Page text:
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I recently migrated a server to another machine in our rack. They ownership/permissions didn't transfer when I moved /home from machine1 to /home on machine2 (both Ubuntu machines)

The user accounts successfully transfered and are all there.

I was wondering if there is a way to dynamically change all of /home to be owned by their username as currently everything is owned by root:root

I tried sudo chown -R $USERNAME: /home/$USERNAME to no avail

Any ideas?

Edit 1:

I can successfully change permissions through the use of chown -R someUser:someUser /home/someUser

My question is there a simple way to do this in bulk through the whole /home directory

Apologies for the confusion

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First check if the user you want to give ownership exists. grep "username" /etc/passwd if the users exists you can run sudo chown -R username:username /home/username. What is the error you are getting ? –  val0x00ff Feb 14 '13 at 12:54
    
I get this. I was just wondering if there was some way of doing it all at once instead of one by one –  samdunne Feb 14 '13 at 12:58
1  
With the answers below, if your chown command has an ampersand after it, all of the chowns will run in parallel in the background. This may not be any faster than running them sequentially as the operation is most likely disk-bound anyway. –  Ladadadada Feb 14 '13 at 13:10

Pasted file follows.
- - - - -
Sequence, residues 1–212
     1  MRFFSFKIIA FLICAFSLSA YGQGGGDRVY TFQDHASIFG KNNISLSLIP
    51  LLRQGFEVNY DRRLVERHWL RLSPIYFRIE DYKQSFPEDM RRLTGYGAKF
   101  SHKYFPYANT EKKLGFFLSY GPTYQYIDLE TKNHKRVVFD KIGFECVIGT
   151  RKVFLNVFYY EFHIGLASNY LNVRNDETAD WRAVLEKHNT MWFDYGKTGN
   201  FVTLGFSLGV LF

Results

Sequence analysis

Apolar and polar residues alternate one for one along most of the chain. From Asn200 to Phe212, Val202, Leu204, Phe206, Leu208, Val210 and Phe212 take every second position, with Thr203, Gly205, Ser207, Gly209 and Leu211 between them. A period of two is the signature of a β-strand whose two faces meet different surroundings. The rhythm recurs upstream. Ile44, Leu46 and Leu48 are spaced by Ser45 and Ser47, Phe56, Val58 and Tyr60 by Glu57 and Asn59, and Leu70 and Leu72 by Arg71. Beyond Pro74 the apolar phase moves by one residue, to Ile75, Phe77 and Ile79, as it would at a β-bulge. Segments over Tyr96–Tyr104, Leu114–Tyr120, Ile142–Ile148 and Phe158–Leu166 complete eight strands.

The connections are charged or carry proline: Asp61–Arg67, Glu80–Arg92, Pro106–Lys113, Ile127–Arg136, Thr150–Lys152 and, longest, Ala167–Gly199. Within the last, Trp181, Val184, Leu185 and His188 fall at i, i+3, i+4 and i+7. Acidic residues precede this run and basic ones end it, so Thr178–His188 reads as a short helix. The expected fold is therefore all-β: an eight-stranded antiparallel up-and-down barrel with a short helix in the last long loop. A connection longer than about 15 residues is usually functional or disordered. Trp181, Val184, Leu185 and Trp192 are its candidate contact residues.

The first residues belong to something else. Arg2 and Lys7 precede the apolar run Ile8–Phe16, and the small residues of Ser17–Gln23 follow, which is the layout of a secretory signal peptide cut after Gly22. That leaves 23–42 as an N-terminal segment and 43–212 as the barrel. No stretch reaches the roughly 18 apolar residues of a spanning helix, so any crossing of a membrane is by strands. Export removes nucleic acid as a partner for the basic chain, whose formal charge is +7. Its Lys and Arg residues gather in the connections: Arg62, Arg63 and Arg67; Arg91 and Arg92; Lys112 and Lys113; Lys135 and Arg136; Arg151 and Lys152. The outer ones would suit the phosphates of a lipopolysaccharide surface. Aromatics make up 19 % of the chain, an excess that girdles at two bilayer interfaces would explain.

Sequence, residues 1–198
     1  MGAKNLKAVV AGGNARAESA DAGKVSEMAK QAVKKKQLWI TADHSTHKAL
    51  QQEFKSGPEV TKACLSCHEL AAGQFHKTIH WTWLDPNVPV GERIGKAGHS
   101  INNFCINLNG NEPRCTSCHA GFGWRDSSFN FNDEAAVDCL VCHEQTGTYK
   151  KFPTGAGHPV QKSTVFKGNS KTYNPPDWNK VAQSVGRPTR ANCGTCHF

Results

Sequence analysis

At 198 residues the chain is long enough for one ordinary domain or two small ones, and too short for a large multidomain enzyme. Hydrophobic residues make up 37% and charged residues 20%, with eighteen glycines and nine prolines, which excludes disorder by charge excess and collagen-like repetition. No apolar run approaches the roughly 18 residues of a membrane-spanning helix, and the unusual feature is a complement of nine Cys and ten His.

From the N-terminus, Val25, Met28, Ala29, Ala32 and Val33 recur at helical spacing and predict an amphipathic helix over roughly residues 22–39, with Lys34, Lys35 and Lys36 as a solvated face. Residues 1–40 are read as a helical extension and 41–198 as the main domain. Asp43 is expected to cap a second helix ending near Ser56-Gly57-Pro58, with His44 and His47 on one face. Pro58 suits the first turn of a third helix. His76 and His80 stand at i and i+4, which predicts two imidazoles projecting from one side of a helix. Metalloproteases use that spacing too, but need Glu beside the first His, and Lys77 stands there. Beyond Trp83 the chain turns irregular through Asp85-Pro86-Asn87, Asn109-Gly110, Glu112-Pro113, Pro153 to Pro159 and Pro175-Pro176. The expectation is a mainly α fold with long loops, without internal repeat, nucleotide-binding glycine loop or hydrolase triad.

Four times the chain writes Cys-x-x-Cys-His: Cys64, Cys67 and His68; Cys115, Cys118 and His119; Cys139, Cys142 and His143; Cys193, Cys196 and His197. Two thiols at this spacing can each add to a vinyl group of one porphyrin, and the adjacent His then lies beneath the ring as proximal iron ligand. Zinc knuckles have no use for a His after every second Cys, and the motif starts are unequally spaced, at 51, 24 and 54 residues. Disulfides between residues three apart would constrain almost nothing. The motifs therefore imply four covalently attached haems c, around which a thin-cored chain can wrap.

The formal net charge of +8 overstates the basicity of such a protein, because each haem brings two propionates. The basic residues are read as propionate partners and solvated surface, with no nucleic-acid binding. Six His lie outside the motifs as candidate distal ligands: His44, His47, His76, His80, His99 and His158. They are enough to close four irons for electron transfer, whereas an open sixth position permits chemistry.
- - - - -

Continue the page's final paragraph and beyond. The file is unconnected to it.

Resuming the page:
as a side note, tar is fairly reliable way of getting all types of files and permissions across to another location intact, especially if you are using the same uid/gids from passwd and group. You can dump in one step without an intermediate file, and even remotely if root ssh is available tar -cf - /home | ssh root@host "cd / && tar -xvf -" –  mtm Feb 14 '13 at 16:23

3 Answers 3

up vote 2 down vote accepted

You can always change home directories one by one:

cd /home
for user in *; do chown $user.$user $user -R; done
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Worked perfectly. Thank you :) –  samdunne Feb 14 '13 at 13:15

Previous version, but with forks, all 'chown' processes will work parallel after starting.

cd /home
for user in *; do chown -R $user.$user $user&; done
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getfacl -R ... | setfacl --restore may be useful.

Are the users configured on the new system? What does "to no avail" mean? Error message? Can you change any file's owner? chown user1 testfile

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Yep, sorry I meant that command didn't do what I expected it to. I'm editing the question now –  samdunne Feb 14 '13 at 12:59

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